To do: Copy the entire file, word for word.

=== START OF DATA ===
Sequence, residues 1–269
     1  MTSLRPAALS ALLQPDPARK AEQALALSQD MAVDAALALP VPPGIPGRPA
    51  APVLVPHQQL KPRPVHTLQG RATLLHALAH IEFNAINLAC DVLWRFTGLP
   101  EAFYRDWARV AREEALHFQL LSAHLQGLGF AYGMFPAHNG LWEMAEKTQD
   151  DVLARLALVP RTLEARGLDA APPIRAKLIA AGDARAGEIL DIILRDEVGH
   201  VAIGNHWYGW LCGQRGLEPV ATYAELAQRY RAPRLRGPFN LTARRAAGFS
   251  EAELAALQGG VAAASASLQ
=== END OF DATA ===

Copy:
Sequence, residues 1–269
     1  MTSLRPAALS ALLQPDPARK AEQALALSQD MAVDAALALP VPPGIPGRPA
    51  APVLVPHQQL KPRPVHTLQG RATLLHALAH IEFNAINLAC DVLWRFTGLP
   101  EAFYRDWARV AREEALHFQL LSAHLQGLGF AYGMFPAHNG LWEMAEKTQD
   151  DVLARLALVP RTLEARGLDA APPIRAKLIA AGDARAGEIL DIILRDEVGH
   201  VAIGNHWYGW LCGQRGLEPV ATYAELAQRY RAPRLRGPFN LTARRAAGFS
   251  EAELAALQGG VAAASASLQ